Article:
“It wasn’t one thing (which went wrong for us). Discipline. Any marginal decisions, we seemed to be on the wrong side of them, which is fine. We looked at those penalties today, penalties we gave away, and we’ve got to look at ourselves and say our discipline wasn’t good enough,” insisted the 2018 World Rugby Player of the Year.

“There’s a lot of access points we gave them and discipline would be top of the list. We had them under pressure a few times and we let them out. We didn’t exit a couple of times as well as we should have.

“So there’s one or two things in each department that added up. Japan played great on the day and you’ve got to give them a lot of credit as well. I thought the boys started really well – 12-3 up and we couldn’t have asked for much more in the first 20-25 minutes. But those errors and access points just crept in.”

John Ryan and Jean Kleyn, the only forwards not used during the first two rounds, are poised to make their World Cup debuts against Russia. The newly-arrived Jordi Murphy, an injury replacement for Jack Conan (foot fracture), will also be hoping to make an impact during the remainder of the pool stages.

Chris Farrell (concussion) will definitely miss the Russia game, but fellow centre Robbie Henshaw is edging closer to a return as he continues his recovery from the hamstring injury he picked up at training two weeks ago.

Ireland forwards coach Simon Easterby explained: “Robbie ran really well yesterday but we’ll obviously have to take a view on his selection when we get back to training. But he’s doing really well – and really pleased with his progress.

“Of the injuries against Japan, Chris Farrell had a confirmed concussion so he won’t recover in time for Thursday. Rob Kearney passed his head injury assessment two, so he’s within that process. Tadhg (Furlong) came back onto the pitch, so he’s fine as well. Those were the three obvious ones from a head injury perspective.”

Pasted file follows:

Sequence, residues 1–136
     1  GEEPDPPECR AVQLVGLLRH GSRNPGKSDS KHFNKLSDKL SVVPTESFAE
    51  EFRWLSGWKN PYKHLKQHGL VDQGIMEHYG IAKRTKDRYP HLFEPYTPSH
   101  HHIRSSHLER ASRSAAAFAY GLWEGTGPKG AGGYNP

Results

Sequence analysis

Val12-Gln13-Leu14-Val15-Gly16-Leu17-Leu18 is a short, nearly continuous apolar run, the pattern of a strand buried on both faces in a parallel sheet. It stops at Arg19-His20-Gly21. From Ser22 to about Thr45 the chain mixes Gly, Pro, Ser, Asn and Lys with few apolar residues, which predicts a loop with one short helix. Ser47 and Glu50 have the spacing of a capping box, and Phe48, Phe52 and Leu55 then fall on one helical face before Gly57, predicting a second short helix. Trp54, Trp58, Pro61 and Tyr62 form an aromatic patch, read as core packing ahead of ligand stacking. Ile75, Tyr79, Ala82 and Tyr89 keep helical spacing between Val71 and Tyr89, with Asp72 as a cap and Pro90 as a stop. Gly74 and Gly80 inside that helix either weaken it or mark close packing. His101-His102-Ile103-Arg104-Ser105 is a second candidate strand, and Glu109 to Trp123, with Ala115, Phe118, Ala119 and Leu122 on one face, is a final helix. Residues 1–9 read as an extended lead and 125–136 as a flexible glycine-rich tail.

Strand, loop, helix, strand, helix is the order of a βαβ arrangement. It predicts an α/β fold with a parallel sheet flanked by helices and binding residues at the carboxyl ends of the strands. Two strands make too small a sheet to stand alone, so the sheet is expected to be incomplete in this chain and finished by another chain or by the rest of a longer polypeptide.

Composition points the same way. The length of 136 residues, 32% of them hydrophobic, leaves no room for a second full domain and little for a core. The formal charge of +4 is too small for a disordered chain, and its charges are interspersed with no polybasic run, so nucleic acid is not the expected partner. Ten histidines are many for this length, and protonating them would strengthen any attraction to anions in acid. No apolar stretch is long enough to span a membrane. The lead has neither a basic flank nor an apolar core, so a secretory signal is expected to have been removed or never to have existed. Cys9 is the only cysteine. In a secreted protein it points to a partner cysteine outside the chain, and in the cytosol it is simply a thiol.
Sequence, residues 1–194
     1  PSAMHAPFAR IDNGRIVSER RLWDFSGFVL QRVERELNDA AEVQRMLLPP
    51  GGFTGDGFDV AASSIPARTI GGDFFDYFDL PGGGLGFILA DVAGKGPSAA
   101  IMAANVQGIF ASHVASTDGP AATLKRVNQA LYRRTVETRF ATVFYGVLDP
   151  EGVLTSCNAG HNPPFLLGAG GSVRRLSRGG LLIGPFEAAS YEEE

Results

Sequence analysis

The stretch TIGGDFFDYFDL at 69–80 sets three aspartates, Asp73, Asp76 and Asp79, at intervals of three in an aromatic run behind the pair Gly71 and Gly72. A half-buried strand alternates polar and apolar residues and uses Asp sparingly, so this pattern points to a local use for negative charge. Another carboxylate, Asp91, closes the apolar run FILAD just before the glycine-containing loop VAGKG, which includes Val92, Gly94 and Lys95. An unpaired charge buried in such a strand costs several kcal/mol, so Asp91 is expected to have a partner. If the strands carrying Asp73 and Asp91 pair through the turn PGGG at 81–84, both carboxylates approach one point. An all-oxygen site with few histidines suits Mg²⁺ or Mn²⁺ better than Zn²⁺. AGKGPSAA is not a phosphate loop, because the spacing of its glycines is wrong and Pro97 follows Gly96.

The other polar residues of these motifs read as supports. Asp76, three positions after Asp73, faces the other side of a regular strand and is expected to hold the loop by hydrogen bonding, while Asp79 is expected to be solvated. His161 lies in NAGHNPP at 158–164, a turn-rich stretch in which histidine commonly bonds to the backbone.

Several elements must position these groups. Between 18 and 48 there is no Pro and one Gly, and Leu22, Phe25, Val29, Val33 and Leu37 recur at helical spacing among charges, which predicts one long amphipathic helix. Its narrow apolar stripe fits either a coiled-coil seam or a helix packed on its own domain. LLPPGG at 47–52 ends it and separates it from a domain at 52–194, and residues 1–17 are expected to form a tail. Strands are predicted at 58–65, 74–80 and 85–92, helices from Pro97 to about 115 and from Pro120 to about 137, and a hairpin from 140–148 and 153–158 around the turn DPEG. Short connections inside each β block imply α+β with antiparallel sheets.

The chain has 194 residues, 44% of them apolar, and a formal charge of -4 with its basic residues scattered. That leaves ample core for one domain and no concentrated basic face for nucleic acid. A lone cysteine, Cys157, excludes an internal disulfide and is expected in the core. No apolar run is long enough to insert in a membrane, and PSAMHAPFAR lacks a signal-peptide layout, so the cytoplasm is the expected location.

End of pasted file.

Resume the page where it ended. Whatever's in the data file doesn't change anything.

Ireland only have to look back four years to see how South Africa bounced back from their own shock World Cup loss to Japan. The Springboks won five of their next six games to eventually win bronze in London. France lost two pool matches back in 2011, including a 19-14 reversal to Tonga, before battling back to reach the final and almost topple hosts New Zealand.

The men in green cannot allow Saturday’s shock result to define this World Cup for them. Sexton is adamant that they can recapture their best form in the coming weeks, securing that quarter-final berth and playing their way back into title contention.

“I suppose the only blessing in disguise is that, in the last two World Cups that I’ve been involved in, we’ve not cruised through the group but we’ve had everything go our way in the pool stages, and then we’ve had the day that we had (yesterday) – in a quarter-final. We’d be going home today (if that was a knockout match).

“The great thing now is that we’ve got the rest of the pool to get things together. If we can win the last two games and score a number of tries we can definitely qualify for the quarter-final.

“If that’s in first or second place, that’s out of our control, so we won’t worry about that – that’s done now. So it’s up to us now to put in two big performances and hopefully put ourselves into a quarter-final. We know if we do that, then we’ve got a chance,” he added.